In the general election held on 8 November 2020, Myanmar’s ruling party, the National League for Democracy (NLD), led by Aung San Suu Kyi, won a landslide majority, winning more seats than in the 2015 election. The military disputed the result, claiming election fraud, and on 1 February, the day parliament was due to sit for the first time since the election, arrested Suu Kyi and other political leaders and declared a state of emergency. According to the Assistance Association for Political Prisoners (Burma), by the middle of April more than seven hundred people have been killed by security forces since the coup. Hundreds of protesters have been arrested. Writers, journalists and artists are increasingly being targeted.
I first wrote about Zargana, a renowned political satirist, in these pages in October 2008, during Myanmar’s so-called Saffron Revolution. His real name is Maung Thura; his pseudonym Zargana (meaning ‘tweezers’) refers to his years spent training as a dentist. Zargana, an outspoken critic of the military, is once again on the front line. On 6 April, he was arrested at his home and taken to an undisclosed location by junta forces.
A widely celebrated comedian, performance poet, actor and director, Zargana was first arrested in 1988 for participating in pro-democracy demonstrations and was banned from performing in public. Two years later he was arrested again after impersonating General Saw Maung, then head of the military government, in front of a crowd of thousands at a teacher training college in Rangoon. This time he was sentenced to five years in prison. Held in solitary confinement, Zargana began to write poetry and was forced to scratch his poems onto the floor using a piece of pottery before committing them to memory. Following his release in March 1994, Zargana was banned from performing in public, but he continued to make tapes and videos, which were seized by the authorities. In 1996, after speaking out against censorship to a foreign journalist, he was banned from publicly performing his work yet again and denied the right to write and publish. Undeterred, Zargana continued to spread his jokes and poetry by word of mouth until his rearrest on 25 September 2007. A mass of international appeals helped to secure his release a month later.
In 2008 Zargana was arrested once more and sentenced to fifty-nine years in prison after making comments to the international media that were critical of the government’s response to Storm Nargis, a devastating cyclone that resulted in almost 140,000 deaths and left millions homeless. Zargana was released in 2011 as part of a political amnesty. He continued to be a fierce critic of Myanmar’s military rulers. Even as Myanmar appeared in the early 2010s to be transitioning to democracy, Zargana remained sceptical, observing in a 2014 interview that ‘soldiers solve all their problems with the gun, not at a round table’.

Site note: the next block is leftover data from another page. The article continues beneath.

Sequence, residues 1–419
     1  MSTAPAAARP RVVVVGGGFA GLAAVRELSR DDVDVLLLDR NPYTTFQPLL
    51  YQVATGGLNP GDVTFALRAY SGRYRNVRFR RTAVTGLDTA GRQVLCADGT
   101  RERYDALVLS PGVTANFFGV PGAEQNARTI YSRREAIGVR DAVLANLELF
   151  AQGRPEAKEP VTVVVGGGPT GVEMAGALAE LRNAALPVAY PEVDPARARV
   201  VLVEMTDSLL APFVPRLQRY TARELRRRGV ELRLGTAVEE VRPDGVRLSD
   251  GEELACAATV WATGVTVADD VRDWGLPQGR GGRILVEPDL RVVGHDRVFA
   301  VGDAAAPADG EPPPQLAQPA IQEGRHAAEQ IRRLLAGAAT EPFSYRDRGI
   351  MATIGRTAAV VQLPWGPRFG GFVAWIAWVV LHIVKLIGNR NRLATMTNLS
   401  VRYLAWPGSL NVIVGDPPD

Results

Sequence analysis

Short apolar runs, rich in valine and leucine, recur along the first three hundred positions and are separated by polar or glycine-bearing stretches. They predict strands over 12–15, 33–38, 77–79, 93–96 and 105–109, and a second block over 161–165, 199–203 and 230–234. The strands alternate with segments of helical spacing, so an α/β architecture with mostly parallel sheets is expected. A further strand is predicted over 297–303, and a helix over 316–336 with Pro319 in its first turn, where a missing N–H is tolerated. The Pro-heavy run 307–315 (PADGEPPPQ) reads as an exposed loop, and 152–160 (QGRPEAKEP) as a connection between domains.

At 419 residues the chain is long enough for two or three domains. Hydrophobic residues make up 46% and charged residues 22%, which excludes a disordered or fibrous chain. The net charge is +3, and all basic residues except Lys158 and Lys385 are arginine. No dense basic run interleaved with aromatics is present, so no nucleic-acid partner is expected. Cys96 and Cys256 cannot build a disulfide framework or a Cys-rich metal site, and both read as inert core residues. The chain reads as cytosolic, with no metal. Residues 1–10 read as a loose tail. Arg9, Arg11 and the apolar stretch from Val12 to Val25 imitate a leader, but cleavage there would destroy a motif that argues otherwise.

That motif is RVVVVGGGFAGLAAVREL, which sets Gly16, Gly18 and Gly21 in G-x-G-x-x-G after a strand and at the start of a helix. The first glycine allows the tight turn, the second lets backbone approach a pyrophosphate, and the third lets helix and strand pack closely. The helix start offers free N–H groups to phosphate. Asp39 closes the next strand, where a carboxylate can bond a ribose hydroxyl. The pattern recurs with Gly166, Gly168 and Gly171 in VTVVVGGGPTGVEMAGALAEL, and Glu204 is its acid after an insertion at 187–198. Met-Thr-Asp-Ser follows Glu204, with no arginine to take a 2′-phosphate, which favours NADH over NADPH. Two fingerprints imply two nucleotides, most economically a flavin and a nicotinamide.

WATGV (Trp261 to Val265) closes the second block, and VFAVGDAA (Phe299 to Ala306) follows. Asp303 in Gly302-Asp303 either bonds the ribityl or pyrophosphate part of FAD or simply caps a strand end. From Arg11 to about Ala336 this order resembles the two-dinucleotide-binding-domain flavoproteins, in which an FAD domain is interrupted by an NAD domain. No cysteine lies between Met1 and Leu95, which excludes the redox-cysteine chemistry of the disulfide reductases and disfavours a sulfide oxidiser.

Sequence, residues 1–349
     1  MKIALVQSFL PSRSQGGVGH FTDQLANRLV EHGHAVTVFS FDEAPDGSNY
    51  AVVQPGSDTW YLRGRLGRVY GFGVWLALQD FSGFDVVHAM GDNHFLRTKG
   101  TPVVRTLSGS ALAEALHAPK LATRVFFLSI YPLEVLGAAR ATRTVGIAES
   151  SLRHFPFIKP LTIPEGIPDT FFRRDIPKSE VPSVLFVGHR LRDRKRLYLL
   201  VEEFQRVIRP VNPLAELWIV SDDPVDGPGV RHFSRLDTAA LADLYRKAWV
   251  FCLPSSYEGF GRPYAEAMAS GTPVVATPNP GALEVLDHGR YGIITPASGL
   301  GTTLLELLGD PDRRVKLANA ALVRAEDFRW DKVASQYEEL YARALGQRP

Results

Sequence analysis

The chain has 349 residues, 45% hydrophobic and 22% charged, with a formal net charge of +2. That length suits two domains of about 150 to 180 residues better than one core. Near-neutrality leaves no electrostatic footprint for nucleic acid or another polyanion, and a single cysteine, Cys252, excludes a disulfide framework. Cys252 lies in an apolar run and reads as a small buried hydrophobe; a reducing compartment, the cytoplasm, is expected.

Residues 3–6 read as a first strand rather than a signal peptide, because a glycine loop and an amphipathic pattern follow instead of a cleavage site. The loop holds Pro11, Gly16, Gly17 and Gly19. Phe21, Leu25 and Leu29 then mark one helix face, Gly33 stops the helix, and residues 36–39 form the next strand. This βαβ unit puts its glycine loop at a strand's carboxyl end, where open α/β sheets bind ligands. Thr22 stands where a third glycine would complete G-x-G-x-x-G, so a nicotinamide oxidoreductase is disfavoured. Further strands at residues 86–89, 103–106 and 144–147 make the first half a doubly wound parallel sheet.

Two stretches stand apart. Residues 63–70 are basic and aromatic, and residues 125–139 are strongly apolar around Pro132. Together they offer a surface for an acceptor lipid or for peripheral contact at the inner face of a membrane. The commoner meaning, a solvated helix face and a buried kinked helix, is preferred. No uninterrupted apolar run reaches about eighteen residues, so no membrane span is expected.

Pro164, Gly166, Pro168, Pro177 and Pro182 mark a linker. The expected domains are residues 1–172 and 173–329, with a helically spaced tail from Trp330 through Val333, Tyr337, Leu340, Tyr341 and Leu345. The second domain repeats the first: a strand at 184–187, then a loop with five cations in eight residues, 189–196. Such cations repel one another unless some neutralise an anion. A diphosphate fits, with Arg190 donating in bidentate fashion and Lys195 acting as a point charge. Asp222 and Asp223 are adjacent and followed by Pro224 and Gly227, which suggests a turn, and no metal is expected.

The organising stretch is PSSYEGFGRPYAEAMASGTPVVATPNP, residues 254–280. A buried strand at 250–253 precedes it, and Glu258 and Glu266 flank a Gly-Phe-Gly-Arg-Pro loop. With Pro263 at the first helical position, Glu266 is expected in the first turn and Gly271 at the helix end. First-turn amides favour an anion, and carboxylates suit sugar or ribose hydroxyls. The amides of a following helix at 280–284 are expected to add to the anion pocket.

According to Salil Tripathi, chair of PEN International’s Writers in Prison Committee, ‘Zargana is Myanmar’s national treasure – he has peacefully campaigned for democracy and respect for human rights in his country all his life. He has been arrested in the past and upon his release, he has cheerfully persisted in his activism. His courage is exemplary.’
In recent weeks, the military has issued criminal charges against dozens of public figures who have expressed support for the Civil Disobedience Movement, which seeks to undermine the junta’s control of the country through nonviolent resistance. Suu Kyi has herself been charged with illegally importing communications equipment. Police said they found six walkie-talkie radios in her home that she was not authorised to possess.
The military has also ordered numerous raids on media outlets throughout the country and the mass arrests of journalists, editors and other media staff. The military junta continues to silence media outlets – it has cancelled the licences of the newspaper 7 Day News, the broadcaster Democratic Voice of Burma and the news providers Khit Thit Media, Mizzima and Myanmar Now – and to disseminate pro-military propaganda and disinformation about the anti-coup movement. Writers, journalists, poets, filmmakers and artists have been at the forefront of democratic activism in Myanmar for decades, and as such play a crucial part in the country’s civil society movement.
Appeals could endanger writers’ safety so are not advised at the present time. PEN has condemned the military’s brutal suppression of peaceful protests and called for the release of Zargana and all those detained by the junta in violation of their right to free expression and assembly.
Update: On 14 April, Turkey’s Supreme Court of Appeals overturned the convictions of journalists Ahmet Altan and Nazlı Ilıcak (LR, April 2018 & October 2020), who were sentenced to ten and a half years’ and eight years and nine months’ imprisonment respectively on trumped-up charges of ‘aiding a terrorist organisation’. Thank you to all readers who sent appeals and messages of solidarity.